“That, holding your tongue right, and practice are the keys to a successful caramel frosting.” – Virigina Willis in her Basic to Brilliant, Y’All cookbook.
That quote applies to anything caramel and not just frosting. Caramel is mighty tricky. It took me three tries plus combining two different recipes until I made caramel sauce successfully. I still have not mastered a caramel cake and my quest continues. Is it worth it? Absolutely, positively, without a shadow of a doubt – Yes!
Caramel is one of my top three sweet delights. Chocolate and peanut butter are the other two. Put all three together and this gal is beyond happy. I remember the chocolate caramel peanut butter cup I had at a Ghirardelli shop in San Francisco. Think of a giant Reese’s peanut butter cup but handmade and with both caramel and peanut butter inside. Rich? That word does not cover it. Decadent? Yep. I ate it like there was no tomorrow. It is obvious I still think about it. Yet another reason to travel to California.
Back to the caramel sauce. For my first attempt I used a recipe I found on Baked Bree. There were lots of helpful instructions and hints in the post so I thought it would be a good one. What happened? I cooked it too long and it tasted burnt. I tweeted “Dear caramel, you will not defeat me” and received a great reply and helpful hints from Carla, @chocolatemoosey. I also searched for more recipes and found many of them also had corn syrup and butter as ingredients. I figured corn syrup was to help prevent crystals and help it remain smooth. Butter is an added bonus.
The second attempt incorporated another recipe. I found one on My Baking Addiction that also had lots of hints and information. I decided to combine the two recipes based on my research and what I had found in all the other recipes. What happened the second time? I did not cook it long enough. It tasted like a very sweet heavy cream, almost like sweetened condensed milk. Down the drain it went and I headed back to the store to re-stock the ingredients.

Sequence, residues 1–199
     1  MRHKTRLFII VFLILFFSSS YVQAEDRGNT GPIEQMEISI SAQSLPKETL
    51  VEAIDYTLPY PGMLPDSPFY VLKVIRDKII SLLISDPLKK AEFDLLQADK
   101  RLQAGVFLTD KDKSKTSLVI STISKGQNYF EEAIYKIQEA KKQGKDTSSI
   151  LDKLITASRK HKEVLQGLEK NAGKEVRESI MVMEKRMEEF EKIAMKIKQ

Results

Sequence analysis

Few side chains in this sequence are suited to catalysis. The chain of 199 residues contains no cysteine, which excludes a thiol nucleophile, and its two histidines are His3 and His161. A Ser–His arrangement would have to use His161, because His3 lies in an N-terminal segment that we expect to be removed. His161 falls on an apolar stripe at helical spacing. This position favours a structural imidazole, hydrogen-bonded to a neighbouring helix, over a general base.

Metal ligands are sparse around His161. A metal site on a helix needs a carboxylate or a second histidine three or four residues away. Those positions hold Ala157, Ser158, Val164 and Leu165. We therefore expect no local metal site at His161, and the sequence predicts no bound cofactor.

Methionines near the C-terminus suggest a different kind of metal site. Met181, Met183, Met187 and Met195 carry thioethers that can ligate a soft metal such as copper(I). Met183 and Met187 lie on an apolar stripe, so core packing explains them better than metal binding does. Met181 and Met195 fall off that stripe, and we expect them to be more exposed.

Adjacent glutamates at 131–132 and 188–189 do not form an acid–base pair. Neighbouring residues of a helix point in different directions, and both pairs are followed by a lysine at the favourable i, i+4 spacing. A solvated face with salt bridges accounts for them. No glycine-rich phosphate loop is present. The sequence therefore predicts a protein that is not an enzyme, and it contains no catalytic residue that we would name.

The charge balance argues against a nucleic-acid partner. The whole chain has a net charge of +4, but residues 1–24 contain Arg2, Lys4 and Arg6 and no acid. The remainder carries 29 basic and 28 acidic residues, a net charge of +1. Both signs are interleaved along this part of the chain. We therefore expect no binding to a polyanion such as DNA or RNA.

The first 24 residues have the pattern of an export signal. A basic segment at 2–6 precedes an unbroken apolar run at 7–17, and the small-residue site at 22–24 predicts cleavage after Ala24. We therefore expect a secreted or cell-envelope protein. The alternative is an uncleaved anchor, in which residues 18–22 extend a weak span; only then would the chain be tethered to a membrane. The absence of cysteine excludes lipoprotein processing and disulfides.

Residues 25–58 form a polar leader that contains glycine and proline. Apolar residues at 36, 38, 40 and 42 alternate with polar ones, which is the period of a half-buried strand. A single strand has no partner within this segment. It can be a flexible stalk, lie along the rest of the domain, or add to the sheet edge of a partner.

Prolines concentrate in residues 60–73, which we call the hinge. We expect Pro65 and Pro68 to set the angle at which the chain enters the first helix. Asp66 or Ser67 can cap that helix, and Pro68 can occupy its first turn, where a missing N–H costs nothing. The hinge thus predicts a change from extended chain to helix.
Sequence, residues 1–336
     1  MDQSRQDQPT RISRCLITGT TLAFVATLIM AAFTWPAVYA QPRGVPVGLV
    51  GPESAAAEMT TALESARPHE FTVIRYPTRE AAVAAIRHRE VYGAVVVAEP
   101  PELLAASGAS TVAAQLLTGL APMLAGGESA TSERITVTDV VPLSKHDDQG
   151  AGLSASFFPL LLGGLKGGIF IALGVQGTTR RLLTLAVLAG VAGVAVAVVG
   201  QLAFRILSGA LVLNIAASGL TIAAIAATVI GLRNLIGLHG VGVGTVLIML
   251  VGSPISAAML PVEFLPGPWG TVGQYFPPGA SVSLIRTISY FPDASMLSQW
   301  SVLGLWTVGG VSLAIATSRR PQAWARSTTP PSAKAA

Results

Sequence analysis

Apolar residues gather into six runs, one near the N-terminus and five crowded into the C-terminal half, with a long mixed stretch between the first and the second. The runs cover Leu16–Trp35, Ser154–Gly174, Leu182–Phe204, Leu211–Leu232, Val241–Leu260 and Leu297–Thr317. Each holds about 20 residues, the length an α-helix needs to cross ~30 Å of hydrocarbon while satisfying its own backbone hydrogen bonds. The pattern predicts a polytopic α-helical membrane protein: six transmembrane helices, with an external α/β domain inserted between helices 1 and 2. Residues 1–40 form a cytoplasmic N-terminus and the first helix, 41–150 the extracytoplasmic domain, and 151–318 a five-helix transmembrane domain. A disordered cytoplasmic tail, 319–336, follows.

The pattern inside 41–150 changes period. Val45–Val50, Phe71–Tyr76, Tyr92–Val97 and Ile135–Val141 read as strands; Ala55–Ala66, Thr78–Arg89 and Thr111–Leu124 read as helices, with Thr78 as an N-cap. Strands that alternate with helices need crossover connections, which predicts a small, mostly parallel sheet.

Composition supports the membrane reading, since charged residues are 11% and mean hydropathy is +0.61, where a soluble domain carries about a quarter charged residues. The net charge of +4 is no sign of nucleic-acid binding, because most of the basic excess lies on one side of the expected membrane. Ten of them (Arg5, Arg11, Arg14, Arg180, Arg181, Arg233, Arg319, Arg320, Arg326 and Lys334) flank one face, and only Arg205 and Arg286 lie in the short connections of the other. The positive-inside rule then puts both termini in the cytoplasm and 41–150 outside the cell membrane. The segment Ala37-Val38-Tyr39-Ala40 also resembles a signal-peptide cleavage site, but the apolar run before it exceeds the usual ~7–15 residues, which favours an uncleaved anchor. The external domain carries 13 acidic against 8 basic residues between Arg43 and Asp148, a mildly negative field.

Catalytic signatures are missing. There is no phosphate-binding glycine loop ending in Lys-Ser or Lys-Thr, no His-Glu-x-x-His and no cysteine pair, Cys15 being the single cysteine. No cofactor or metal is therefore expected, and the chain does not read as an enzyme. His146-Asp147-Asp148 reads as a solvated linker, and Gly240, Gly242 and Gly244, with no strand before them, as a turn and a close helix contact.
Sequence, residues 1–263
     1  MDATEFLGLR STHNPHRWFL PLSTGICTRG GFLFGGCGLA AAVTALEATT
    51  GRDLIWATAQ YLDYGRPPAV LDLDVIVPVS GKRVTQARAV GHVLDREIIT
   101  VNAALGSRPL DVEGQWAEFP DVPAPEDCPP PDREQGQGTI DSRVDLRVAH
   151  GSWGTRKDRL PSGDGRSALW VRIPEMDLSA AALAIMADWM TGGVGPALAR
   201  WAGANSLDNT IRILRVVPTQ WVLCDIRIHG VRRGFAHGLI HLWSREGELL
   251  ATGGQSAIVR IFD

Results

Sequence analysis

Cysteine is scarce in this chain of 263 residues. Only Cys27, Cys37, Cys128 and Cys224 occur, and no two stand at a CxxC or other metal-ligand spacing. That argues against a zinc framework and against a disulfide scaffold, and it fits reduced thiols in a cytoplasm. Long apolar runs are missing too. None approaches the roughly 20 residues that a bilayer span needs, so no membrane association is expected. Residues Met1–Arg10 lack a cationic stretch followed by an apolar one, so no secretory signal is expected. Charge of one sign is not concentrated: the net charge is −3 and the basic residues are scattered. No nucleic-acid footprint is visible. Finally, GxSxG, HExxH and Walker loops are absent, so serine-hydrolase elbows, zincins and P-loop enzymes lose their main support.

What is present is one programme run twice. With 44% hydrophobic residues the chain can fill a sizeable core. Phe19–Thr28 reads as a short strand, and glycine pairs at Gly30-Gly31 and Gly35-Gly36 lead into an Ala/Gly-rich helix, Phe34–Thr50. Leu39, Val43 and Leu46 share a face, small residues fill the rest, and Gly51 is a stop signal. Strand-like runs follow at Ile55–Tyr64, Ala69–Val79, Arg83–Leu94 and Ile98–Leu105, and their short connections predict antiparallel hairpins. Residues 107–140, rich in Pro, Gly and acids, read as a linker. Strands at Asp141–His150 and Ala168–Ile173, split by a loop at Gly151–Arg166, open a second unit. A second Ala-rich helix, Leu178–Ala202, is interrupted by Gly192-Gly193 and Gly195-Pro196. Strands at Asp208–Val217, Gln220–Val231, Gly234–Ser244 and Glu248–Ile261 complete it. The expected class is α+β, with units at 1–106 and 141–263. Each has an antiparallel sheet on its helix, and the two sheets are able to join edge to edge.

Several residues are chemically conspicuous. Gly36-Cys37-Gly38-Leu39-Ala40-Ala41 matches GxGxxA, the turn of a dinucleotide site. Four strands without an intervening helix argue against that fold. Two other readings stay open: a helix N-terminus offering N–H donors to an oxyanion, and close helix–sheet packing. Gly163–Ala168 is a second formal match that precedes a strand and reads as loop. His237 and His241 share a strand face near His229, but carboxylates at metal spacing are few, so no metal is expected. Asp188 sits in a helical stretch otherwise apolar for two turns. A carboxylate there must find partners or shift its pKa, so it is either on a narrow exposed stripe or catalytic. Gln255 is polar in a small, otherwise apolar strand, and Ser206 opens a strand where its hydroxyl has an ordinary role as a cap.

The third time was the charm. I decided I would try using the candy thermometer. It started turning to a light amber color well before 350 degrees. I removed the thermometer and cooked it for a couple more minutes. I went with my gut feeling of when to take it off the heat. I must have held my tongue right because it came out perfectly. It is a really nice caramel color, the right consistency of a sauce, and the flavor is spot on.
Have you made caramel sauce? It is challenging, or at least is was for me. I am glad I went through the process. Now I have the experience and knowledge to make it successfully. Look out friends and family, you may be getting caramel sauce for presents. Hmmm, Magnolia Days Homemade Treats? I think I need to come up with a label design…
Homemade Caramel Sauce
- 1 1/2 cups sugar
- 1/3 cup water
- 1 tablespoon corn syrup
- 2 tablespoons unsalted butter softened
- 1 1/4 cups heavy whipping cream room temperature
- 1 teaspoon vanilla
In a heavy 3-quart saucepan (do not use non-stick), stir together sugar, water, and corn syrup. Over medium heat, stir constantly until the sugar dissolves and the syrup is bubbling. Stop stirring completely and allow it to boil undisturbed until it turns to an amber color.
Immediately remove it from the heat and carefully pour in the cream. It will bubble furiously. Whisk in the cream until it is smooth. Add the butter and whisk until smooth. Add the vanilla and whisk to combine. Cool the caramel to room temperature. Store in a sealed container at room temperature for up to 3 days or refrigerated for up to 3 weeks.
To help crystals from forming on the side of the pan you can brush down the sides using a pastry brush that has been dipped in water. Be very careful to not disturb the syrup as it cooks. If any crystals do form then you can pour the sauce through a sieve into another container to cool.